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QR codes and licence validation

Posted by: , Posted on: - Categories: Government Platform, Licensing & Permissions

Part of a new digital licence

An important aspect of export licensing is the ability of customs officials to check whether goods are being taken out of the UK under a valid licence. This is one of the challenges of the new import/export licensing system; currently paperwork presented to border officials includes a digital signature, and from the research we’ve done so far it’s clear that digital signature is pretty unhelpful when it comes to assessing whether a valid licence exists.

Tightening up the system of licence validation will form a useful part of the One Government at the Border project. Last week our development team cracked their first version of what we hope will prove to be a popular replacement system.

The new licence validation system revolves around something we are seeing more and more of in the real world – QR codes. These are thoroughly clever ‘codes’ in the form of blocky black and white squares, which can be deciphered by an app freely available for any smartphone, taking the user to a URL.

In the case of export licensing, it is planned that the SPIRE replacement will generate a QR code for each licence upon successful registration. This licence will have a URL that the QR code links to, such that any border or customs official can scan the code and be taken either to a valid licence or, in the case of shenanigans, a page showing that there is no valid licence corresponding to that code.

Sample QR codes

This is what our dev team has come up with so far:

You can get to these yourself with a QR code reader on your smartphone. This is the QR code for the valid licence:

Valid QR code for licence

And here is the QR code that suggests all is not quite right:

Invalid QR code for licence

We’ll be testing all this with officials and exporters in the coming weeks to gauge whether this is a convenient and time-efficient method for assessing the validity of exports. Our first hoop to jump through is a demonstration with the EU next week - their buy-in is important given the number of EU borders goods often have to cross on the way to their end user.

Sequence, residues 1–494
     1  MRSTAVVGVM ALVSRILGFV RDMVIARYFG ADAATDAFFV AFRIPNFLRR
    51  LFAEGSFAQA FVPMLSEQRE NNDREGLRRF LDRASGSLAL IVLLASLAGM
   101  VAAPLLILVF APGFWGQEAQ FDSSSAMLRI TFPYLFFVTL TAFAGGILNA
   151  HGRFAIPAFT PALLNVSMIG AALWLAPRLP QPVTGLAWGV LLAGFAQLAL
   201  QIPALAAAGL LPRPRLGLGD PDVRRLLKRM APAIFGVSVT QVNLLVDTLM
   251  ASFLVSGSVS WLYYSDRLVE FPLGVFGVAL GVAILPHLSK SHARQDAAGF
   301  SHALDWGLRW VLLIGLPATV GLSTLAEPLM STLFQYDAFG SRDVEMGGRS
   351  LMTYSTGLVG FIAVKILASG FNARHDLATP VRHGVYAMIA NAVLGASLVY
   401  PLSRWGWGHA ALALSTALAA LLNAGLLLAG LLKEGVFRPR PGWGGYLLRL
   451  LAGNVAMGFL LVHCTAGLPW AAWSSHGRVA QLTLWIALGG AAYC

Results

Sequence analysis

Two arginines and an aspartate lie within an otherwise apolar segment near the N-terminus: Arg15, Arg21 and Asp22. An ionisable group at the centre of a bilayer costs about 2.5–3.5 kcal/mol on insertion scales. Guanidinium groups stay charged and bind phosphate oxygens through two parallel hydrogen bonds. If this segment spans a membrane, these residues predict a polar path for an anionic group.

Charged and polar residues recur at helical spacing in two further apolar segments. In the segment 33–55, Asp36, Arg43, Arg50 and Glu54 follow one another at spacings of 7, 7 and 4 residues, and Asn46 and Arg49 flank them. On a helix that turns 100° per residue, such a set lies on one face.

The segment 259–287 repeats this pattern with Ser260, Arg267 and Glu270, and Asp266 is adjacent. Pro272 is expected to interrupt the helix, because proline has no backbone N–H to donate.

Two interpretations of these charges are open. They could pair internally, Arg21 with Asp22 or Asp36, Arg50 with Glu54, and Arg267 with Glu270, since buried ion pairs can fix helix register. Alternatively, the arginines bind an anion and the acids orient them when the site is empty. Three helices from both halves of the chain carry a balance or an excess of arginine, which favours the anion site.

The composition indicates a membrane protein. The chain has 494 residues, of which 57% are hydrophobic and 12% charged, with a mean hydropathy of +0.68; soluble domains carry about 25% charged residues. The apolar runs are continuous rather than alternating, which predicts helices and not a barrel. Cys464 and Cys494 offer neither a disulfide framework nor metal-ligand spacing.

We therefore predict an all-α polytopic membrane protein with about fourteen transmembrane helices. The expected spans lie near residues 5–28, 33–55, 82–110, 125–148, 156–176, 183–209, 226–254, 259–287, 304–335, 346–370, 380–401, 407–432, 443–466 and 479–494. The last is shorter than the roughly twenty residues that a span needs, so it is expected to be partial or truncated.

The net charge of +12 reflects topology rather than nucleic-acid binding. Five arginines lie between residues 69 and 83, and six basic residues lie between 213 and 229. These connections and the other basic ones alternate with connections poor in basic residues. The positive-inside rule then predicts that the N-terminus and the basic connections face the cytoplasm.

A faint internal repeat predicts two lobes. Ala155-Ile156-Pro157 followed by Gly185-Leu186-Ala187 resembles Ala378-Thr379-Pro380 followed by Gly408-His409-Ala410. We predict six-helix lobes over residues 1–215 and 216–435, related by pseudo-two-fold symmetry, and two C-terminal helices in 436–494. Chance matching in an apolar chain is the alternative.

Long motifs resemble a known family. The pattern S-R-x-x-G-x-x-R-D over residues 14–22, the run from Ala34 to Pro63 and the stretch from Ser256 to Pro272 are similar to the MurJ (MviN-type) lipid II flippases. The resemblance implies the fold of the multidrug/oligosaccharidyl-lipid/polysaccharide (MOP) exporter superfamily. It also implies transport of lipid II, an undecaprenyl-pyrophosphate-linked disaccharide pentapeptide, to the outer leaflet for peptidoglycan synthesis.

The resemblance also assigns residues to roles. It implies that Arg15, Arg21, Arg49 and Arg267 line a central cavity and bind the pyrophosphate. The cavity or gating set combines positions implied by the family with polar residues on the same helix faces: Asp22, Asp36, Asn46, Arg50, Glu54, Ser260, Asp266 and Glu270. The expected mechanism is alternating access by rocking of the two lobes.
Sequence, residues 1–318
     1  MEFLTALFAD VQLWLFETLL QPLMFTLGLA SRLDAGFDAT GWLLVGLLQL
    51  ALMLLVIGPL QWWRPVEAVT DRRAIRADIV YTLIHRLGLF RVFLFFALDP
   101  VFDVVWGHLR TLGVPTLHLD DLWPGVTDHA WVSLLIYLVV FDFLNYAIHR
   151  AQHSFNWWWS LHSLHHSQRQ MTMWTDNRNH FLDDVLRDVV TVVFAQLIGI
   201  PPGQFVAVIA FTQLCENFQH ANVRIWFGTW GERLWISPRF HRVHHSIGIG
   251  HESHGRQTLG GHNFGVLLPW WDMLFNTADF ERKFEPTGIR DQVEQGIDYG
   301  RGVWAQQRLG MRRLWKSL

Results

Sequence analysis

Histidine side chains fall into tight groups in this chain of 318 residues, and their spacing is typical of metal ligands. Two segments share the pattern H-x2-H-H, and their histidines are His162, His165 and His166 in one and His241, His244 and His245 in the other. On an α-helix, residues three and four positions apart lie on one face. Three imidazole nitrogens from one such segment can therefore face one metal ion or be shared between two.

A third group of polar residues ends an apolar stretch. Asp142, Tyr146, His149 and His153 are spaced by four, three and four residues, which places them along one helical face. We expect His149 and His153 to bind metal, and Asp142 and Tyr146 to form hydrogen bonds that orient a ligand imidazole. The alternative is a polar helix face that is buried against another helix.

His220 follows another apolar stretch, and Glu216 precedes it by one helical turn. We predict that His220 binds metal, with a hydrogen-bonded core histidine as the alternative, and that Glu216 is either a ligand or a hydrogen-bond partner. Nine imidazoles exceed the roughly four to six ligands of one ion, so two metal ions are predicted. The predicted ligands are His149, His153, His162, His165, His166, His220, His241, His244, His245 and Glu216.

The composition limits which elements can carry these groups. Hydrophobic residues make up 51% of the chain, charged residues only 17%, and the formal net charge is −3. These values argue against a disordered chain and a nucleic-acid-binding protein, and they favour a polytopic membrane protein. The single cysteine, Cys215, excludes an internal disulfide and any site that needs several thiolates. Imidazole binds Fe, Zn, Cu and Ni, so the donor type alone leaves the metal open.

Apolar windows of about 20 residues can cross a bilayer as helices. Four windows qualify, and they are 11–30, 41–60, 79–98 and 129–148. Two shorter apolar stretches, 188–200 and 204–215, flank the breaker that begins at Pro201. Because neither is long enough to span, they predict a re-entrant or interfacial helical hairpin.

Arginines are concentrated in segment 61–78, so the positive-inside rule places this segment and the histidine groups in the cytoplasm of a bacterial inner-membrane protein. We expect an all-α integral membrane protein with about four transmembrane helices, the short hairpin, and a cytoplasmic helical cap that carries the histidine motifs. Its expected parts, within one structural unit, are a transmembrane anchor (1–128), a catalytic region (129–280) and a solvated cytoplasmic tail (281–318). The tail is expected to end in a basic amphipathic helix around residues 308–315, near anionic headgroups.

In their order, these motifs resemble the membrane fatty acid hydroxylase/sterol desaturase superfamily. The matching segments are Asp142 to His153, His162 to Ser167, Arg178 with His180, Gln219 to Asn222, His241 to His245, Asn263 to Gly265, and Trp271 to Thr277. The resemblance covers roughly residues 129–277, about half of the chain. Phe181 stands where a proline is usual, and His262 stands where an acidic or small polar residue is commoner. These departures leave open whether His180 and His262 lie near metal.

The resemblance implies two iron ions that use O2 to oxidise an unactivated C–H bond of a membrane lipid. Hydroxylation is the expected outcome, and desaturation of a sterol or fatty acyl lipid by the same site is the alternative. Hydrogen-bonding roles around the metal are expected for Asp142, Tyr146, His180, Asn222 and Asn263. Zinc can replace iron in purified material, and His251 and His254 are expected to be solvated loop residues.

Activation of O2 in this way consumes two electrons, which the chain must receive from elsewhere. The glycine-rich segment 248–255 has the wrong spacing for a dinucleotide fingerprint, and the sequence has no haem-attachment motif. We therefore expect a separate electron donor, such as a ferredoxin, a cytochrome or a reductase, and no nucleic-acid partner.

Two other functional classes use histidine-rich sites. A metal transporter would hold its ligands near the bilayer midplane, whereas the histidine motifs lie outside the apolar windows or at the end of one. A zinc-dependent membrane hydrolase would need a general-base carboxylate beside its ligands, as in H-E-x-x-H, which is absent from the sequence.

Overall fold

It’s user research that has got us to this point, but if you have any suggestions for improvements or think we’re approaching this in the wrong way, please use the comments below to let us know.

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  1. Comment by ian stott posted on


    Would this mean the QR codes would need to appear on all export documentation the exporter has to raise? Currently the license ref is quoted on the export documemtation so does this now mean the QR code would replace this?

    • Replies to ian stott>

      Comment by James Curran posted on

      The QR code is there to help border authorities prove that the licence is authentic. We are thinking that we would still use the licence reference but the QR code would be there to prove the authenticity, as there are many doubts about a digital signature on a paper licence. We will be looking to test this with exporters and border agencies and then improve this approach if needed.


    • Replies to ian stott>

      Comment by Ben Basson posted on

      The QR code (or other form of unique identifier on a copy of a licence) will not replace the licence reference, and we do not expect exporters to amend any of their paperwork to include it. UK border authorities, HMRC, etc already have access to information regarding the validity of export licences issued by BIS.

      What we are proposing is to alter the licence document issued by BIS to include information (via QR code or other means) that allows you to verify that the licence is valid and extant. This could be useful in a whole range of situations, such as the exporter themselves verifying ongoing validity, as well as foreign border authorities.

  2. Comment by DJAW posted on

    You would have to stipulate which documents this was printed on. Many exporters use different documentation. Are you saying should be accompanying the box or on the seperate paperwork handled by the freight agent?
    Would be a good idea if all border officers were provided with the device to scan and not rely on them using their own personal phones!


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